Barking up the right tree, our favorite hangdog is back. The one-of-a-kind Bill Murray, the charm-oozing, heavy-lidded king of bemused deadpan, seems only to improve with age. Under the preternaturally assured supervision of sophomore director Sofia Coppola, Murray and co-star Scarlett Johansson (Ghost World) prove that still waters run deep.
Coppola, who announced a formidable talent with The Virgin Suicides, proves she's one to watch with this patiently observed study in disorientation, culture shock, and intimate human relations. Murray plays Bob Harris, an aging film star in Tokyo to shill Santory whiskey. Jet-lagged and gobsmacked by the absurdity of his own humiliating objectification in the neon heart of an inscrutable culture, Bob regards Tokyo as a colorful Wonderland of disorienting tricksters and aggressive queens. Johansson's Charlotte finds herself in the same boat, temporarily rudderless and with time on her hands. In Tokyo to accompany her cameraman husband (Giovanni Ribisi), who ditches her regularly for work and play, Charlotte wanders the monolithic hotel and eventually the country in an insomniac haze. The intersection of these kindred spirits forms the slender but pregnant story.
Bob, too, has a spouse: a wife of 25 years who faxes bookshelf blueprints and mails carpet samples, all of which spirit their way into his antiseptic hotel room like messages from another galaxy. In turns, Bob tangles with commercial directors, photographers, and TV hosts who treat him like meat; a high-strung, high-class hooker; and a runaway exercise machine. At the end of each day, he finds whiskey-soaked repose in the hotel bar. Charlotte finds herself there, too, perhaps relieved to dodge her capricious husband and certainly pleased to ditch his movie star acquaintance (hilariously etched by Anna Faris).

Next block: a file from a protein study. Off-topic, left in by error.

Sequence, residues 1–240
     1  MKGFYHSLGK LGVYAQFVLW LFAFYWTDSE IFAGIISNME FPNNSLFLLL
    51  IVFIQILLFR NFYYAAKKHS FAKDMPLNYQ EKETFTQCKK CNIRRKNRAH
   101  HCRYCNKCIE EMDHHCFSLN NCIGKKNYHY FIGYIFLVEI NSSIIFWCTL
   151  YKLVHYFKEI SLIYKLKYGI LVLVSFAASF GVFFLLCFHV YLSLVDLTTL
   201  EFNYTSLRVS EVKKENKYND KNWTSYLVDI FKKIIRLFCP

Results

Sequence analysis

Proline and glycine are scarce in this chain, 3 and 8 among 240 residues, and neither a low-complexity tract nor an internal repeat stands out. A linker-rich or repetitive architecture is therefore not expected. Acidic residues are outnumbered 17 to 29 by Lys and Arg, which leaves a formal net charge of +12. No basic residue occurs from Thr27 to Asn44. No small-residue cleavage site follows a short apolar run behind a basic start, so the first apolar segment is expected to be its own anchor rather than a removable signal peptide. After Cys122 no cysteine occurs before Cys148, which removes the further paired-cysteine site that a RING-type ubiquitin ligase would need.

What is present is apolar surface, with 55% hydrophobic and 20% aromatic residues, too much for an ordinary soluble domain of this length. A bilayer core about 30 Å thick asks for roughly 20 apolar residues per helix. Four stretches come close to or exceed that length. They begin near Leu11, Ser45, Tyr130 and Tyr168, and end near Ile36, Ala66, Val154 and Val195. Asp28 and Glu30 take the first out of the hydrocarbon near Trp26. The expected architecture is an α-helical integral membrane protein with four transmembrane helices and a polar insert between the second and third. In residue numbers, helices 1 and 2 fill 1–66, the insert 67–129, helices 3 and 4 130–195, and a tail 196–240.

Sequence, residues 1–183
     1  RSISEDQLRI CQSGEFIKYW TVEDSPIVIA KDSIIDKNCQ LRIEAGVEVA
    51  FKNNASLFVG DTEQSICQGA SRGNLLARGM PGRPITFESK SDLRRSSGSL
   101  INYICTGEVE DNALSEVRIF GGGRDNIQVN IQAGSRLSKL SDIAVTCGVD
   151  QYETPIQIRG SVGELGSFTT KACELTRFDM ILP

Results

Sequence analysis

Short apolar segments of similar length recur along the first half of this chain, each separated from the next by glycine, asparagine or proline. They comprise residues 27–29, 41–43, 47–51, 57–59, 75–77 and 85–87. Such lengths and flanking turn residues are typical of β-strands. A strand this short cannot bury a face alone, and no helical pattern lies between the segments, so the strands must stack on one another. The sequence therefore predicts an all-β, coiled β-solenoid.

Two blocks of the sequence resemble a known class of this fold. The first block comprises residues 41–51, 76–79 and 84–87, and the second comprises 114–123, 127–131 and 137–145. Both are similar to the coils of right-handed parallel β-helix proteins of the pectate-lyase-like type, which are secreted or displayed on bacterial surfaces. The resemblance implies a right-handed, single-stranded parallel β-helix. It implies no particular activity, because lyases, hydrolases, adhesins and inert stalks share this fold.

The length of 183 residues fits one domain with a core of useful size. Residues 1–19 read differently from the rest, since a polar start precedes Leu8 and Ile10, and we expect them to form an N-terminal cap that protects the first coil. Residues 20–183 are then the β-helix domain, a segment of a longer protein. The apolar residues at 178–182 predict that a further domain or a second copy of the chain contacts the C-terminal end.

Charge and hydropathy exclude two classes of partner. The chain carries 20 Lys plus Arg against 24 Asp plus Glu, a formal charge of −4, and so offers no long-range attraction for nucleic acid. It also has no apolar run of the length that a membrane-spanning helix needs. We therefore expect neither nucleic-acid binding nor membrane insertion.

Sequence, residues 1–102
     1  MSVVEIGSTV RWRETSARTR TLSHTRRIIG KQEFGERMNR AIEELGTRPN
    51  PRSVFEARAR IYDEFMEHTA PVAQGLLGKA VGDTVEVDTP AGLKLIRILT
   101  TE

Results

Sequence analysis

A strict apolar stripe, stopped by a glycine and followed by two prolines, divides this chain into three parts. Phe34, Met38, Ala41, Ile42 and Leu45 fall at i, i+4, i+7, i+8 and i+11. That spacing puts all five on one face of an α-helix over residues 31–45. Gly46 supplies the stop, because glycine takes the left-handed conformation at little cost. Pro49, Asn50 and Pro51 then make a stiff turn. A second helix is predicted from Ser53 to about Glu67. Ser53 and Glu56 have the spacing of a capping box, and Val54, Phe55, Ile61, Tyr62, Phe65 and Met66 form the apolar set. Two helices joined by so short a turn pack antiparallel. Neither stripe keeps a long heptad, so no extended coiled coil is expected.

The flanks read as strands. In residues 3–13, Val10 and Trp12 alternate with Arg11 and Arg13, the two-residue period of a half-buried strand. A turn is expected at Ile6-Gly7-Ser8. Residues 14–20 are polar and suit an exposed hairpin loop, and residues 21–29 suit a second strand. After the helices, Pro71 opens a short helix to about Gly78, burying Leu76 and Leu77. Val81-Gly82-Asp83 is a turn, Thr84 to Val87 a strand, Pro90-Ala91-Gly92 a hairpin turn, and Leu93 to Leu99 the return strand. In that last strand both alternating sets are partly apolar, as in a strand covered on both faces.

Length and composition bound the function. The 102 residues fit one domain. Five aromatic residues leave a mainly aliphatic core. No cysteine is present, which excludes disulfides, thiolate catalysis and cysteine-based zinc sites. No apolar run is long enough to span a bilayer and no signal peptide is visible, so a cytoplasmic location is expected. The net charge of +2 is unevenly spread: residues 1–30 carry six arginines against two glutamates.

A series of empathetic eye contacts draws Bob and Charlotte together, initiating a tentative platonic friendship which forecasts taboo romantic possibility. Talking at length and silently comiserating, walking aimlessly or indulging a nightlife of club parties and karaoke, the pair's courtship is slow enough to be wholly credible and equally tantalizing. Charlotte asks shrewd questions on behalf of both of them; taking the invitation, Bob offers the advice his years have earned him ("The more you know who you are and what you want, the less you let things upset you.") and gets to hear himself with new ears. Remarkably, Coppola and her stars call out spontaneous emotional honesty amidst the humorously impassive observation of a Tokyo which at first seems to dwarf them; feeling remote and misunderstood ironically brings the two together.
The view of Japan from the outside allows exotic wonder and romantic bonding. Coppola's loose, limber style captures the nocturnal streets as a fragmented rainbow of empty messages, starkly contrasting nearby sites both ancient and sacred. Her strict subjectivity can be off-putting, in part because she firmly refuses to penetrate the Japanese point of view, but perhaps more so because we must grudgingly recognize our own real-world unwillingness--as entitled Americans abroad--to make a true, concerted effort to do so. Even more unsettling is Coppola's self-portraiture: her script reimagines her own jet-lagged stay in the same hotel, with Ribisi pitilessly representing Coppola's lookalike husband (filmmaker Spike Jonze) as a feckless head case.
Sensitive, offbeat, and funny, Lost in Translation is one of the year's best, but even if it weren't, national treasure Bill Murray let loose with a karaoke machine justifies the price of admission.